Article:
Figuring out "Who am I " is not just the work of teens. Those of us in middle age, (which is most of you with teens...admit it, I'm just an older version) have the same work. Gail Sheehy, in her book New Passages, calls the adult version: Middlescence. In midlife, many of us start to look at our life through a new lens, just like teens with their new brain, wondering , is this it, is this all there is? Some change careers voluntarily, others are laid off and now have the freedom to reinvent, and others choose to go back to work after a 10 or 15 year hiatus. If work is not the question, finding meaning in life might be. Sheehy calls this a "meaning crisis". As adults in mid-life we are searching for who we will be in this next half of our life. The good news, is that we come to this journey with half a life already lived, with experience, and with some confidence and competence in what we have already accomplished. Teens starting this journey have none of this experience, and not a lot of confidence or competence in their ability to make decisions, which is what the personal identity journey is all about, decision making.
Some teens relish the buffet table of life, trying out new dishes, saying ick to some, and yum to others, and are able to move on with the big decisions in life, Identity Integration. Some teens are subtly pushed in a direction, never having to make the decisions themselves; Identity Foreclosure. Then there are those teens who can't make any decisions at all. These are teens who are in Identity Crisis. Teens who experience Identity confusion are overwhelmed with all the choices and decisions they must make. So rather than make any of their own choices or decisions, they avoid making any decisions at all. These are teens who move from friend to friend, college to college, job to job, and perhaps become users and abusers of drugs and alcohol in order to avoid having to take responsibility for their life. They are your classic followers. If a person shows them interest or attention, then that person becomes a friend, not because they like that person, or feel that have commonalities or feel a sense of camaraderie, just that they are available. They are overwhelmed by that buffet table, and either take too much, not taking the time to decide which things they like, or they avoid taking anything but the familiar because it is just to overwhelming.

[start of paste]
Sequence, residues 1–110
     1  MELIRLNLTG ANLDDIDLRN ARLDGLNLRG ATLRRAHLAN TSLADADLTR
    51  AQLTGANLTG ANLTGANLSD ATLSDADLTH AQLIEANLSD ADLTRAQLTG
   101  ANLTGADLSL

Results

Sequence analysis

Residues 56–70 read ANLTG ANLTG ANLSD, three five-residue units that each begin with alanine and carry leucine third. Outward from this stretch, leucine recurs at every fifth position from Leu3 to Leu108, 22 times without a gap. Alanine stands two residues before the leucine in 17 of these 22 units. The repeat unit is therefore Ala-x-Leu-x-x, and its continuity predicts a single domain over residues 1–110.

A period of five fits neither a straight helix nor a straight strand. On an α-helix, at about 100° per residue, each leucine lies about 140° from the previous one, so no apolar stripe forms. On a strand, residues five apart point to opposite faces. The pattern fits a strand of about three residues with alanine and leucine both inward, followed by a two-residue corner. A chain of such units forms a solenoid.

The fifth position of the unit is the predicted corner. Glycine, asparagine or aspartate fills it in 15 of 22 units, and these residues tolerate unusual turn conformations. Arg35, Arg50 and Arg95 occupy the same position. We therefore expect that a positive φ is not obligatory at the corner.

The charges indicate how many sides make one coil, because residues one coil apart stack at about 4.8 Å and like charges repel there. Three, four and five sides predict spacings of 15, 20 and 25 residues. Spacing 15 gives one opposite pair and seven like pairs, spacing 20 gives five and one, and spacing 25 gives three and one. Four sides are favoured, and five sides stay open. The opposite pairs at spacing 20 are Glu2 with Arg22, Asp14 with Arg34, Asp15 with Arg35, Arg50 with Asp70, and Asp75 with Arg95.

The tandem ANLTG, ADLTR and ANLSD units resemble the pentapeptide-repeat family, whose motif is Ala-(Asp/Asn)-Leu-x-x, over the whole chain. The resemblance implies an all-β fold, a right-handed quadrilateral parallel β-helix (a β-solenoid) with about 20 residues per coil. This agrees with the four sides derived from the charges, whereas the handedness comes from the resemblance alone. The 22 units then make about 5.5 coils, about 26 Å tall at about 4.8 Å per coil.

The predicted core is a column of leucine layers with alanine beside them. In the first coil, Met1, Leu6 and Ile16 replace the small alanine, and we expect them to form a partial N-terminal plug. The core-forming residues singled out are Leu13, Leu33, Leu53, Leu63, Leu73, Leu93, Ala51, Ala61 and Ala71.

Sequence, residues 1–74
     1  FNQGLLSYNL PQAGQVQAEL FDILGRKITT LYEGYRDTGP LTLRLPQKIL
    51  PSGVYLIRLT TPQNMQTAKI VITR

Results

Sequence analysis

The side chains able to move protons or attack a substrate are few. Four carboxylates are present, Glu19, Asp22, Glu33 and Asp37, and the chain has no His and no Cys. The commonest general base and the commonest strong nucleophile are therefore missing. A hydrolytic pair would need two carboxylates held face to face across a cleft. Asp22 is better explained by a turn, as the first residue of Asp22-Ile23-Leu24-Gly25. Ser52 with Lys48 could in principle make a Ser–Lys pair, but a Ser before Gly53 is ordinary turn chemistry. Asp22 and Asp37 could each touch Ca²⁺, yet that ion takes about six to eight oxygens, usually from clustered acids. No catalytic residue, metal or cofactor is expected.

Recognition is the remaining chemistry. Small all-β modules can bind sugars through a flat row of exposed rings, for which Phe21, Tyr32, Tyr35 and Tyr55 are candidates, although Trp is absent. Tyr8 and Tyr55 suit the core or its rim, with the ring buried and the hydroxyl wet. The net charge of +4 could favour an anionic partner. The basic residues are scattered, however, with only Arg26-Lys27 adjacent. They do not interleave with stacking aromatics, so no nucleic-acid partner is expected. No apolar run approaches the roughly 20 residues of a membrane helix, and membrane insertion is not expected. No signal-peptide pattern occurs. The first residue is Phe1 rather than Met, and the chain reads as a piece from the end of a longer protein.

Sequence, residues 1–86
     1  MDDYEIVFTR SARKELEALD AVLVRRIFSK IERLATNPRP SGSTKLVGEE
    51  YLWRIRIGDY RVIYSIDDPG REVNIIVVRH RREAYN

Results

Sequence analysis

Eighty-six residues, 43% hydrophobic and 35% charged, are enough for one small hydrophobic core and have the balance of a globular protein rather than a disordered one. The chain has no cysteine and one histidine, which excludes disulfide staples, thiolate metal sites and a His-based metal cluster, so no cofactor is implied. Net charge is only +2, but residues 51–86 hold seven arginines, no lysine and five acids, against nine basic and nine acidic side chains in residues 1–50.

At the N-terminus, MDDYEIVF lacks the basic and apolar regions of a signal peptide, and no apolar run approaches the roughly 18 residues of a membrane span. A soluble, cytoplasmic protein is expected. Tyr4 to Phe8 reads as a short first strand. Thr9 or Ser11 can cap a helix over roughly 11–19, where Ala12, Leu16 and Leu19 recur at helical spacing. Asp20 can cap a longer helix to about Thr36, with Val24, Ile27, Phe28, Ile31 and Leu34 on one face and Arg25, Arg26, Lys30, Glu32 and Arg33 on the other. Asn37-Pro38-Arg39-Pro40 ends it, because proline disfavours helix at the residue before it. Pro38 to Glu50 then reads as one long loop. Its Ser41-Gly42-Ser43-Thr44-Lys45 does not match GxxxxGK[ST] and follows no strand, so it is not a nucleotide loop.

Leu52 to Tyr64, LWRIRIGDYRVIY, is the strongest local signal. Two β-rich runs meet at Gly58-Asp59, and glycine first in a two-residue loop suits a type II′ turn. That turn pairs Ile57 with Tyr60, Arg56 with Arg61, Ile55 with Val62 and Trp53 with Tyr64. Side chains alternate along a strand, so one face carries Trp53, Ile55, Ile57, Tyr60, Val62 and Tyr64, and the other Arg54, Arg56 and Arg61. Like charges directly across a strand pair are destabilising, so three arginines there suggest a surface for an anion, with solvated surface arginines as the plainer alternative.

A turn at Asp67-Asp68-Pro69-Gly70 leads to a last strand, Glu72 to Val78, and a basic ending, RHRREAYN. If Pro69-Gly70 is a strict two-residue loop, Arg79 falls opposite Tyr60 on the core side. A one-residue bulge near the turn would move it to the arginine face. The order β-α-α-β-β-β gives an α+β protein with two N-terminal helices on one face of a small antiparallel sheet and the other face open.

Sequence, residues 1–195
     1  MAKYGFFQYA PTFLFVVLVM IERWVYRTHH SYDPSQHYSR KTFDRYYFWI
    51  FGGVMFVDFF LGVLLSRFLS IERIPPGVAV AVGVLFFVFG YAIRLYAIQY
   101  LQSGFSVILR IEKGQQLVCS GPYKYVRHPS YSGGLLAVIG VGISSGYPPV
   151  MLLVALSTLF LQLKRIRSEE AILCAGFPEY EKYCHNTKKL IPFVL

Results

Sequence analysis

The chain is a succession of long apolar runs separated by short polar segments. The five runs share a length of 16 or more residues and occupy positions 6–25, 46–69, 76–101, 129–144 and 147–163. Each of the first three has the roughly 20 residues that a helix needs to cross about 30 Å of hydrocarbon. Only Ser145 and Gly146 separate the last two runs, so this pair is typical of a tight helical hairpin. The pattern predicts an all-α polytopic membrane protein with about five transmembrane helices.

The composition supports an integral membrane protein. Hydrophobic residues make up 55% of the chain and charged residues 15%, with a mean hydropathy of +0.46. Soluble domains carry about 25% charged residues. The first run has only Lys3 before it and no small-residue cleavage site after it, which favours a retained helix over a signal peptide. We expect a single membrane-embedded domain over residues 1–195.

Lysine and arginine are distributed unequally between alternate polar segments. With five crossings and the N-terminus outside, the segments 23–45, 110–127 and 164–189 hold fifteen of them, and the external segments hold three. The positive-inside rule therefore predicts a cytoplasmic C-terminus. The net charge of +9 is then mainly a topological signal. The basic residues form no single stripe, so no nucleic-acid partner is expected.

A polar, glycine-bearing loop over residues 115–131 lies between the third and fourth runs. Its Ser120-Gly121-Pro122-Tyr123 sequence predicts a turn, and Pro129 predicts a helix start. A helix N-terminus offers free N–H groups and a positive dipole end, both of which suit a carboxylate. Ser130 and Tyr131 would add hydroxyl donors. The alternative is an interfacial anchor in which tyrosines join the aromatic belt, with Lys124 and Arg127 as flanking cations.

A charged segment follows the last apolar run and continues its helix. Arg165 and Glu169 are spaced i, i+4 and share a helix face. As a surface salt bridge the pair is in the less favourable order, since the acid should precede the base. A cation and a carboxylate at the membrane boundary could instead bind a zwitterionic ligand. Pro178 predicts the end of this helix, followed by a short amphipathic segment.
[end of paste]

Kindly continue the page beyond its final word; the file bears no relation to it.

Teens heading in this direction need practice in making and taking responsibility for their decisions. If a teen grows up with either an authoritarian or permissive parenting style (see blog entry: What kind of parent am I?) they are not given the opportunities and direction needed to experience decision-making and learn from their successes and more importantly from their mistakes. Too little freedom or too much freedom, too much direction, or too little direction have almost the same outcome. Discovering who you are and who you want to become require the ability to sift through and pick out what interests you, what excites you,what comforts you, what moves you, and what grounds you. This is overwhelming for even the most competent. If you give your kids too many gifts on their birthday, they run from gift to gift never really enjoying any one thing, if you give them only one they never learn to choose what excites them. Helping your teen to develop their own sense of themselves is a balancing act. Give to much input, your teen never learns what is you and what is him/her, give to little, they don't even know where to start. So when your teen struggles with making a decision, no matter how small, and asks for your help, rather than jumping in with all your parental wisdom and making the decision for him/her, start with a "Well what do you think". Your job is to let them know that you have confidence in their ability to think for themselves. They just need to practice.